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How to outsmart the IMF

By Mbatau wa Ngai | November 19th 2019 at 09:15:00 GMT +0300

Kenyans who expected the International Monetary Fund (IMF) to renew its Sh150 billion standby credit facility following the repealing of the interest rate cap law are in for a major disappointment.

They include President Uhuru Kenyatta who spent plenty of his political capital arm-twisting MPs to stay away from the House to deny it the number of members required to overturn his veto.

Instead of welcoming the president’s gesture, the Washington-based institution is expected to move the goalposts and demand budgetary reforms. These reforms usually target high taxes and cuts on expenditure on social programmes that benefit the most vulnerable members of society.

It does not seem to matter to the IMF that these reforms have, in many instances, led to public protests that have destabilised governments and resulted in human suffering when regimes fall. As far as the Bretton Woods institution is concerned, theory trumps over the practice.

The IMF’s insistence on allowing markets to determine prices, labour and taxation have seen the de-industrialisation of much of Africa and the rest of the developing world in the last 30 years.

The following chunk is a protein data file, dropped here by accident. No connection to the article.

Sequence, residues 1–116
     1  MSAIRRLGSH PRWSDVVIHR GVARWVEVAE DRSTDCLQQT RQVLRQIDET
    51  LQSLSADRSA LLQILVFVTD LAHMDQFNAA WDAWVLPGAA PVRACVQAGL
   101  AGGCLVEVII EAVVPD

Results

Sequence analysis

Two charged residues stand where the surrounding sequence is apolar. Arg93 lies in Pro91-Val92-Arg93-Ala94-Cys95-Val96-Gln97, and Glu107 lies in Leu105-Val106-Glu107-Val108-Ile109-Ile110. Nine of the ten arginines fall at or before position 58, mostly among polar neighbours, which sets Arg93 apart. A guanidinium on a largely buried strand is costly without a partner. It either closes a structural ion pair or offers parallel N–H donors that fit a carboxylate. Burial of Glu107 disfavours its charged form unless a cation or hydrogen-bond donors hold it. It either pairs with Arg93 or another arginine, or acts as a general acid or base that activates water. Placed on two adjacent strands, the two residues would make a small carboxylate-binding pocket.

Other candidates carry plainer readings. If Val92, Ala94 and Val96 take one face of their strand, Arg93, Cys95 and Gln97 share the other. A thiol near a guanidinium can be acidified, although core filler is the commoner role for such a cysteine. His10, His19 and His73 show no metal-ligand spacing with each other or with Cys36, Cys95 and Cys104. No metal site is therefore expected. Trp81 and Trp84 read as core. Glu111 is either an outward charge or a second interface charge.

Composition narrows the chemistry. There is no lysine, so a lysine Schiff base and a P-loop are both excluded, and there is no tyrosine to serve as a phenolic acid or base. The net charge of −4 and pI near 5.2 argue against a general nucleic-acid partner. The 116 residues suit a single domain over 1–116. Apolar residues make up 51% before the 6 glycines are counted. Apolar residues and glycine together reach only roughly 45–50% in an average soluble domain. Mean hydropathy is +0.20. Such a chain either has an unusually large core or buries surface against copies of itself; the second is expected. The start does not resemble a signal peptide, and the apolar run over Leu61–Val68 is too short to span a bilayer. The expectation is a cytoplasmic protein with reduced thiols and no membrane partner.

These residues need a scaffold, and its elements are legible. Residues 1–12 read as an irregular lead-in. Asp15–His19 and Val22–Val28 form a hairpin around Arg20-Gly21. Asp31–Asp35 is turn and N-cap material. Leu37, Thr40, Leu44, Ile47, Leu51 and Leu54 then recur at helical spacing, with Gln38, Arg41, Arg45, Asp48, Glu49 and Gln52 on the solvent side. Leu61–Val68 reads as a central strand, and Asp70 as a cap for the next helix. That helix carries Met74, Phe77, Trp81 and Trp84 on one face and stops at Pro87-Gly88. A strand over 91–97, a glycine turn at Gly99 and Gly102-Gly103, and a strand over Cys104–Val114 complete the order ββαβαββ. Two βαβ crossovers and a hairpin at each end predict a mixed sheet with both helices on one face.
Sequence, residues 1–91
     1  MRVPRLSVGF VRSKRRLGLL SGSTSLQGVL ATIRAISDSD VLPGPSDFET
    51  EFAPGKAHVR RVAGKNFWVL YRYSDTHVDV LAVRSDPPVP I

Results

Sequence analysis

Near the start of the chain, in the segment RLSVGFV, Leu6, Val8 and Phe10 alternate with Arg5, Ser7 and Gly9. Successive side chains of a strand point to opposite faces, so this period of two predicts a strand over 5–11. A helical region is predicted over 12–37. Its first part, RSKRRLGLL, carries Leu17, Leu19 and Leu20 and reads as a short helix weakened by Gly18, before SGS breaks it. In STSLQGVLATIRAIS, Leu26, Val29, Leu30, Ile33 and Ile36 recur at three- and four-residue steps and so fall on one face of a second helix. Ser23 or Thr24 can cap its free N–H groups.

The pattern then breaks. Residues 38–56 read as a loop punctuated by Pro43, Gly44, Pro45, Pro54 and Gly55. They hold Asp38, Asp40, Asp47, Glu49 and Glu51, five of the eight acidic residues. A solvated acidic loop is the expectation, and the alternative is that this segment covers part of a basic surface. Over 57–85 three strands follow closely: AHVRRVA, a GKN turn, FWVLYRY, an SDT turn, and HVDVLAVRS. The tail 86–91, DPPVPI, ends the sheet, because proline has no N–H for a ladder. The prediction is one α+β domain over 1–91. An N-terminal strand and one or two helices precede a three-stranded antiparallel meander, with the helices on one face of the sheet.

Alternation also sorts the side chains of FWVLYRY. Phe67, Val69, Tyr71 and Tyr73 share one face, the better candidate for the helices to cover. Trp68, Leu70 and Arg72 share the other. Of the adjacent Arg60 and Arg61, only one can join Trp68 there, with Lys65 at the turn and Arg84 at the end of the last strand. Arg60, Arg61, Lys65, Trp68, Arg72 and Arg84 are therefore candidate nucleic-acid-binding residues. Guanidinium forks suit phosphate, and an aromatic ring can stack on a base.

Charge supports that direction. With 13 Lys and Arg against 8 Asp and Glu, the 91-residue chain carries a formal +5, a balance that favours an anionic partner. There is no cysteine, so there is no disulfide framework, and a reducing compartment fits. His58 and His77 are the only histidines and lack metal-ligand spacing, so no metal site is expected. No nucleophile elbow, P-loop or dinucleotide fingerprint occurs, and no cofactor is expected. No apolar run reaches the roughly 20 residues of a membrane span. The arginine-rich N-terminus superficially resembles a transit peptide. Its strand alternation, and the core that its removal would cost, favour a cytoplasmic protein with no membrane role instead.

This means that neither the World Bank nor IMF has pro-growth policies that can get countries to escape the cycle of poverty that has held much of Africa captive.

Budget deficits

To escape this cycle and demonstrate the bankruptcy of these entities, Kenya has to retrace its steps and embrace policies that grow the economy.

It should not be stymied in efforts to reduce budget deficits as these might be in the short-term. 

This would require dusting off some of the policies that were briefly pursued in the 1960s and early ’70s before the country surrendered its monetary independence to Washington.

This would also entail reducing, if not eradicating vices that opened the door for Washington, its orthodoxy and scholars to appoint themselves as truth-bearers.

The war against graft, nepotism, and tribalism should be fought hard. If law enforcement agencies are part of the problem, deal with them firmly.

The president should borrow a leaf from leaders who turned their countries’ fortunes in one generation such as those of Singapore and South Korea.

He should, however, note that no president can do this when the economy requires Washington support.   


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